This legacy explains why some contemporary Catholic groups refuse to belong to the official local dioceses, because they claim a different historical affiliation.

Chambon comments that the weight of history is also felt vis-a-vis the aftermath of the semi-colonialisation that China has endured. 

Various alliances between western Christians and gunboat diplomacy that marked the 19th and the early 20th centuries have, in the Chinese mind, linked Christianity to colonialism.

The Boxer Uprising between 1899 and 1901 reflects the burning problem of the last century. Thus, from the 1910s through to the 1920s, Catholic and Protestant circles improvised answers to this anti-western resentment.

On the Catholic side, the Church tried to promote the ordination of indigenous bishops to make the Church more Chinese, even though diocesan resources and power fell under the struggles of local clans and ethnic groups.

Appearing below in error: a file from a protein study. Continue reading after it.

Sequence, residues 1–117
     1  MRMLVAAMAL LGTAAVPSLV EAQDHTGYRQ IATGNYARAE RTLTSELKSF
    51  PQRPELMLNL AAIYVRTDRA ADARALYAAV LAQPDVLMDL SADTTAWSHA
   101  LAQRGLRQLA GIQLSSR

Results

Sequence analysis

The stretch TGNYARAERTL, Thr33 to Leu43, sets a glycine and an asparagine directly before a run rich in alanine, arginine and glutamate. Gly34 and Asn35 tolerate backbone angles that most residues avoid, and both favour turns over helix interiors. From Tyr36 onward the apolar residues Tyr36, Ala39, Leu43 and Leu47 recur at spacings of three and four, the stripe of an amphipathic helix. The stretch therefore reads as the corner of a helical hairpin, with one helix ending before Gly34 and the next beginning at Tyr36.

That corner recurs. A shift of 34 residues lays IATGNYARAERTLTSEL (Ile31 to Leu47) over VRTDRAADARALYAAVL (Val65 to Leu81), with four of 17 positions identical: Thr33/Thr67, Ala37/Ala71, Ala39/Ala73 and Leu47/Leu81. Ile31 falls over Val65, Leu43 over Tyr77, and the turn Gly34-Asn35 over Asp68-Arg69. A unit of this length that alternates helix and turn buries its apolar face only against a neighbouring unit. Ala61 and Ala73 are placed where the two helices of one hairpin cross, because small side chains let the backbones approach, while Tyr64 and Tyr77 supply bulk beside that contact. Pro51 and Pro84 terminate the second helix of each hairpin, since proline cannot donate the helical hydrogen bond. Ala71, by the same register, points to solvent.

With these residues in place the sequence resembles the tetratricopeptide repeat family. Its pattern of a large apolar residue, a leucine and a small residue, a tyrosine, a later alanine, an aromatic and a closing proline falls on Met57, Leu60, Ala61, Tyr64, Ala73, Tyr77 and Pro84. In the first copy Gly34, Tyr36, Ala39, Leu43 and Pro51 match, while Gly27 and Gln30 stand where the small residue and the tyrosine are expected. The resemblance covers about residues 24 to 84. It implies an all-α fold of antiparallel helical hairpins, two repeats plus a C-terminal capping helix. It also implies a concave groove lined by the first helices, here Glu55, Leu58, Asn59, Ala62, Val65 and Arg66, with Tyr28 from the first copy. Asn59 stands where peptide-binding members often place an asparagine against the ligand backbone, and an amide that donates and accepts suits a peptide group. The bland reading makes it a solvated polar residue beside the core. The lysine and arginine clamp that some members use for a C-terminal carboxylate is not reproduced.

On the Protestant side, various Chinese preachers created new Churches free from foreign supervision in different regions of the country.

Chambon believes that it is also worth noting that present resentment against western semi-colonisation still explains the caution with which some Chinese Christians approach the current ecumenical movement.

The ecumenical movement, advocated by major international Churches, is sometimes perceived as nothing more than a new strategy of subjugation by foreigners. In addition, there are other elements that tear up the only coat of Christ in China.

The first element is the recent major socio-economic change. Indeed, the enormous growth since 1979 has led millions of Chinese out of their village to reach large cities. This demographic change impacts on Churches as well.

For example, the diffused discrimination that Cantonese people broadcast against newcomers, who do not speak Cantonese, is so deep that it is found even inside Christian communities.

Anyone who visits unofficial and official Catholics in Guangzhou will be surprised to note how the geographical origin largely explains the distinction between these two communities and their two clergies.